Apoc­a­lypse when?

The Washington Post Sunday - - OUTLOOK - BY STEPHEN LOW­MAN

Ex­plor­ing dooms­day think­ing in pop cul­ture, Is­lam and sci­ence.

A be­lief ex­ists that when the Mayan cal­en­dar ends in 2012, the world will end along with it. But dooms­day sooth­say­ers don’t have to wait un­til next year for signs of our ul­ti­mate de­struc­tion. This month alone, flocks of birds fell out of the sky and Snooki from “Jersey Shore” pub­lished a novel. Ob­vi­ously you need these three new books to pre­pare you for the im­pend­ing de­struc­tion of the hu­man race:

1 A IS FOR AR­MAGED­DON, by Richard Horne (Harper; pa­per­back, $19.99) From nu­clear weapons to the su­per­mas­sive black hole at the cen­ter of our galaxy, oo­dles of things have the po­ten­tial to snuff us out. Richard Horne’s droll cat­a­logu­ing of all the ways we can be done in is ac­com­pa­nied by rich, whim­si­cal il­lus­tra­tions. He also tells you what you should look for if, for ex­am­ple, you sus­pect that hos­tile aliens are on the way (“Lights in the sky. Any­one try­ing to fit in but fail­ing mis­er­ably”) and how we should pre­pare for the end-date pre­dicted by the Mayan cal­en­dar: Dec. 21, 2012 (“bring Christ­mas for­ward by a week”).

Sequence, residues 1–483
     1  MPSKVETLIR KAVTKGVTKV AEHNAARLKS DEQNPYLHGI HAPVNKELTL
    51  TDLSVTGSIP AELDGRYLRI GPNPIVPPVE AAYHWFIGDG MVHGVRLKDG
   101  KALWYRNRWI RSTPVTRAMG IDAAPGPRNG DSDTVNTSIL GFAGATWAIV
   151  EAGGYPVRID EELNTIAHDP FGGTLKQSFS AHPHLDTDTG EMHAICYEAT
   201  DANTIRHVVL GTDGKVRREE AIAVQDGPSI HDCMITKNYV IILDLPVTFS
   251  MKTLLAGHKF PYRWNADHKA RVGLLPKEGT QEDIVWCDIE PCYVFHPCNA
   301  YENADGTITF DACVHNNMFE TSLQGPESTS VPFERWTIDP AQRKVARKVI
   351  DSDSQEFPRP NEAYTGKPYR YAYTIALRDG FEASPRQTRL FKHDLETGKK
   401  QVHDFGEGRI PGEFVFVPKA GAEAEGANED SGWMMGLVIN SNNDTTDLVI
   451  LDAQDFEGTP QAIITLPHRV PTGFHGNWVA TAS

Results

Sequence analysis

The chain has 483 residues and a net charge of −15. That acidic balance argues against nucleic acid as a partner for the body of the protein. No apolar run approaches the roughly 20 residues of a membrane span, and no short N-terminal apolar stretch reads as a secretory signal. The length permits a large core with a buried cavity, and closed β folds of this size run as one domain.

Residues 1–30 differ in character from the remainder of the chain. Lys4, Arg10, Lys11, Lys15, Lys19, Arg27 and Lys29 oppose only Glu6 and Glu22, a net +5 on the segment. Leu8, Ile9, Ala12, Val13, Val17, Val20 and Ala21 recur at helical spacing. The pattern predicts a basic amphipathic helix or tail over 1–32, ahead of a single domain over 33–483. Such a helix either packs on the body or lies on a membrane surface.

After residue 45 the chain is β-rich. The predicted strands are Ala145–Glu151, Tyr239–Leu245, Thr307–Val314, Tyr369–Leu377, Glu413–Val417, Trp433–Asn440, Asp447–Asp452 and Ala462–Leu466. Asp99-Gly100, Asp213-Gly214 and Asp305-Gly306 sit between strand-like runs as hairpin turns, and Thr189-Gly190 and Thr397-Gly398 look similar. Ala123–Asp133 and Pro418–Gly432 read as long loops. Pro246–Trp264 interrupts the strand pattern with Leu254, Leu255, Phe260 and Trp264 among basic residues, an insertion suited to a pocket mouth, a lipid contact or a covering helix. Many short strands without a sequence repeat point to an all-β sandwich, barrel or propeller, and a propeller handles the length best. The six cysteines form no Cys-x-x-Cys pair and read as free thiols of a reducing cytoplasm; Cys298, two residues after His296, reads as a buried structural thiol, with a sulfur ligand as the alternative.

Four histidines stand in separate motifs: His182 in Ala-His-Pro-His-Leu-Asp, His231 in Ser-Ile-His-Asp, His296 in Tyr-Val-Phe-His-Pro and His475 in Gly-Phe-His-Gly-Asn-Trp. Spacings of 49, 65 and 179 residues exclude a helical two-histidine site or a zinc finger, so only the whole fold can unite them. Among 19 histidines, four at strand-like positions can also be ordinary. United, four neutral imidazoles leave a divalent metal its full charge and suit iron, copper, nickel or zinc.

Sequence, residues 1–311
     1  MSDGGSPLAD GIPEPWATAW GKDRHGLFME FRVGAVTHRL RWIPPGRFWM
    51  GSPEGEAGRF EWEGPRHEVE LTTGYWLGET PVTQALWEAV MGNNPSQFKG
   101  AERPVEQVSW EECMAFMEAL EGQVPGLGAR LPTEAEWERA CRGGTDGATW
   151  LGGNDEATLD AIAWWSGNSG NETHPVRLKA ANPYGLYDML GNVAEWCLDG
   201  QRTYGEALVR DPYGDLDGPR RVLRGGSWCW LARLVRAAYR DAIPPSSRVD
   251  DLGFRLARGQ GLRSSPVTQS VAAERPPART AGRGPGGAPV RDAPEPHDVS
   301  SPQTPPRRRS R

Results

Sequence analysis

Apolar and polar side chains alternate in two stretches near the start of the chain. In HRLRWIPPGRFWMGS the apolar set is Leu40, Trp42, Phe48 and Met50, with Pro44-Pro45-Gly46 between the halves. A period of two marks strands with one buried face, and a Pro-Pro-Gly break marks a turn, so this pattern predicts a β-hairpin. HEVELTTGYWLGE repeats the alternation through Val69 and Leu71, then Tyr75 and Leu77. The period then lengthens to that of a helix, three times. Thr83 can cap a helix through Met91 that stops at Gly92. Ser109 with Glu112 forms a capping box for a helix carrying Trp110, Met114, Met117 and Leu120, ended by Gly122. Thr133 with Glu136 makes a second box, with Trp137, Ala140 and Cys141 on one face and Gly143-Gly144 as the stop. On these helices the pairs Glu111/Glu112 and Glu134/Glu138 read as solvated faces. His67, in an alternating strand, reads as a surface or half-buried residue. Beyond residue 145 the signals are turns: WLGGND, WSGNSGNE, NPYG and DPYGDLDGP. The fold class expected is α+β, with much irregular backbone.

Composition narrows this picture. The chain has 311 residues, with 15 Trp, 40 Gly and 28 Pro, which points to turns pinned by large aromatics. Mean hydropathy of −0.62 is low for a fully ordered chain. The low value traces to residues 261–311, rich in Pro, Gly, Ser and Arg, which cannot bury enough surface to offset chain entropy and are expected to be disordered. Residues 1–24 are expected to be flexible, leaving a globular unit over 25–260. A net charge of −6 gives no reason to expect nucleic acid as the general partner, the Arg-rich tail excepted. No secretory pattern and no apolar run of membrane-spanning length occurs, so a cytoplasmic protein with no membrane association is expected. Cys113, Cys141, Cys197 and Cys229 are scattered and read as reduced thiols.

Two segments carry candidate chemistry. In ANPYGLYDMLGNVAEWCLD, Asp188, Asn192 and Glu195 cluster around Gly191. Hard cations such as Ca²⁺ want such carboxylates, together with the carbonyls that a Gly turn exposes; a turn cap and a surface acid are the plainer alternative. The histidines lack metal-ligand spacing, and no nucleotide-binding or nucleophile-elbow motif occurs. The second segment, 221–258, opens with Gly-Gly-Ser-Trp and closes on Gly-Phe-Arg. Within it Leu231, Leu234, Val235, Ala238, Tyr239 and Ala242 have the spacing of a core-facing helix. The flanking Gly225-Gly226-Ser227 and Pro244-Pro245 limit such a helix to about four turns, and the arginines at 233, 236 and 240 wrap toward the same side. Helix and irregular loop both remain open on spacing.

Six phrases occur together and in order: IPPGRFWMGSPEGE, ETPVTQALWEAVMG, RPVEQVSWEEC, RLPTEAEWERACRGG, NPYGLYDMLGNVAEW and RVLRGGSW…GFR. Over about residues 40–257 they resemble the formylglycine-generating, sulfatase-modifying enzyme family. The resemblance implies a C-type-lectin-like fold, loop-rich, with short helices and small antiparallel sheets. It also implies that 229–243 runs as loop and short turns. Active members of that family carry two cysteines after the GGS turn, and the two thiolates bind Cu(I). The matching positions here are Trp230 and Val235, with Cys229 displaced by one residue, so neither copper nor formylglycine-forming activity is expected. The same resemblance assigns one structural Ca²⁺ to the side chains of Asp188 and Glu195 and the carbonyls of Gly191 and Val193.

2 APOC­A­LYPSE IN IS­LAM, by Jean-Pierre Filiu, trans­lated from the French by M.B. De­Bevoise (Univ. of Cal­i­for­nia, $29.95)

This schol­arly work, orig­i­nally pub­lished two years ago in France, ex­plores the role of apoc­a­lyp­tic be­liefs in Is­lam and ar­gues that there has been a resur­gence in end-of-the-world think­ing in the past sev­eral decades. While the over­whelm­ing ma­jor­ity of Mus­lims pay no at­ten­tion to these omi­nous prophe­cies, Filiu says that in the minds of Is­lam’s most im­pas­sioned be­liev­ers, the apoc­a­lyp­tic move­ment has pro­vided a jus­ti­fi­ca­tion for attacks against the West.

3 AR­MAGED­DON SCI­ENCE: The Sci­ence of Mass De­struc­tion,

by Brian Clegg (St. Martin’s, $25.99)

“How­ever much sci­en­tists care, we can never be ab­so­lutely cer­tain that sci­ence won’t end the world,” writes physi­cist Brian Clegg, “nor can we be sure that it won’t cause so much dam­age that hu­man life in the fu­ture be­comes much worse.” “Ar­maged­don Sci­ence” is sure to ap­peal to read­ers who be­lieve that the end has been brought nigh by such de­vel­op­ments as the rise of ar­ti­fi­cial in­tel­li­gence and the atom-smash­ing go­ing on at the Large Hadron Col­lider. The less alarmist among us will look at all of this and say carpe diem.


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